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Saice welcomes civil engineering prominence in capacity building, will help ensure sustainable solutions

22 February 2022

Sourced from Engineering News

Industry body the South African Institution of Civil Engineering (Saice) welcomes that civil engineering features prominently on the scarce skills list President Cyril Ramaphosa referred to during his State of the Nation Address (SoNA) on February 10, when he articulated the need for capacity building, says Saice president Professor Marianne Vanderschuren.

Employment remains a critical priority for South Africa and for the civil engineering sector. Saice reiterated its call on government to continue to engage the available resources, entities and professionals in mapping out the far-reaching plans that were detailed in the SoNA.

“Saice, with our 15 000 members has the capacity to tap into the knowledge, skills and wisdom to move towards a sustainable, resilient and economically viable future,” she adds.

A major concern for Saice was the minimal reference to maintenance during the SoNA. With a challenged infrastructure, this should be at the top of the agenda, Vanderschuren emphasises.

“The President mentioned that this requires capacity in municipalities. To date, the lack of capacity has paralysed many municipalities, leaving inhabitants without services.

“While government builds capacity, we need interim measures to ensure that civil infrastructure investment and maintenance is monitored or audited. How about identifying infrastructure auditors that assist the municipalities while they build capacity?” she proposes.

Further, Saice would also like to see plans that identify building codes and standards to minimise the need for maintenance, she adds.

“Instead of infrastructure failing three months after completion, why do we not build to last? We need to work on standardisation for durable infrastructure.

“If the President commits to the capacity building and the commitment to education suggested, then scenario planning will need to take place unpacking what different future scenarios could look like, and what the advantages and areas of concern are on the journey ahead.

“This is the type of evidence-based planning that Saice expects and has the capacity to assist government with,” she says.

“As a learned society, Saice is pleased that government has already proactively approached us to support them with the implementation of some of the projects that have been put forward, and we will continue to enhance and take that engagement forward,” states Saice CEO Vishal Lutchman.

He had previously indicated that Saice’s strong network, supported by its platform Saice Connect, means that the institution could assist the State in recruiting technocrats who are primed to guide infrastructure portfolios to success.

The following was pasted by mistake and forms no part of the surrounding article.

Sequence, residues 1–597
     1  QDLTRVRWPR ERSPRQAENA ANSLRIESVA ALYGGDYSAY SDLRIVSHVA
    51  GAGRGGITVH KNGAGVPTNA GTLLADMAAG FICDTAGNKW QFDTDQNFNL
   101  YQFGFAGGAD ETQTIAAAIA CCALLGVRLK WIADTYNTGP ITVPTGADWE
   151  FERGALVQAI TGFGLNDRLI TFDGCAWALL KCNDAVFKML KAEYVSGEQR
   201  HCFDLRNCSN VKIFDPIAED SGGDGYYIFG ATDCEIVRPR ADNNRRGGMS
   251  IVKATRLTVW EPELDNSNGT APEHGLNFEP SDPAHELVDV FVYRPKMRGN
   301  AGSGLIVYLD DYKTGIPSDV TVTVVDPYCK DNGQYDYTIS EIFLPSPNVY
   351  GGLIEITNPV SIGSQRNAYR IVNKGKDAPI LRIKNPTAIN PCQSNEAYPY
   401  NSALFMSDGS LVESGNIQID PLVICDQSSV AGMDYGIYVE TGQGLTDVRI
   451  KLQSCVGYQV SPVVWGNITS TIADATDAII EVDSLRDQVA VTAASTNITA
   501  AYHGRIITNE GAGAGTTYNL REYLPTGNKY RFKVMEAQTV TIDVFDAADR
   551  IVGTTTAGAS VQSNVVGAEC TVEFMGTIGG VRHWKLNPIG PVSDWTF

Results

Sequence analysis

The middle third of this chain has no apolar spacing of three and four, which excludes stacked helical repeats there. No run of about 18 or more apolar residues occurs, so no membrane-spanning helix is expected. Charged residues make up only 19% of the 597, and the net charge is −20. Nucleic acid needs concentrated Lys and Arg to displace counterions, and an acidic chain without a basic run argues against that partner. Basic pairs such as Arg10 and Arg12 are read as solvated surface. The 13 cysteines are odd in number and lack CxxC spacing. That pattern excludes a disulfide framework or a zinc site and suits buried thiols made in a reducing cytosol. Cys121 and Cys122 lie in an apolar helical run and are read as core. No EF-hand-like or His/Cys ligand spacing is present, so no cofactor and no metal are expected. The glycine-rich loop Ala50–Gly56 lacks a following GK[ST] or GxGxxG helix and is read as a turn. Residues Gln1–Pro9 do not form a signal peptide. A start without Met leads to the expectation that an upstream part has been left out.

“We have made great strides in partnering with the public and private sectors. We have empowered engineers to form connections between entities and this can be leveraged by our government,” he says.

Civil engineering advice

With reference to the use of block paving for rural roads, as mentioned by the President, Vanderschuren cautions that, although there are advantages to using these materials, the risk of floods could easily result in a road washing away.

“The theft of materials, as we see in the rail sector, among others, could also become an issue. Further, the lack of maintenance that we see around the country could result in unusable infrastructure soon after implementation,” she adds.

Additionally, Saice was pleased to hear Ramaphosa speak about climate change and the Paris Agreement. During COP26, funding was awarded to South Africa that has the potential to change the industry.

“However, we must ask what happened between 2015, when South Africa signed the Paris Agreement, and now. The development of South Africa’s renewable energy industry should already have advanced to production in much higher volumes,” emphasises Vanderschuren.

“The President is correct that electric vehicles and the development of a green hydrogen pipeline are on the agendas of many countries around the globe. These are certainly options for the future.

“However, have we properly investigated what this means in the South African context with the obvious challenge of limited electricity supply? Further, if we are going to invest in both, would we then need two types of energy distributions systems and at what cost?” she asks.

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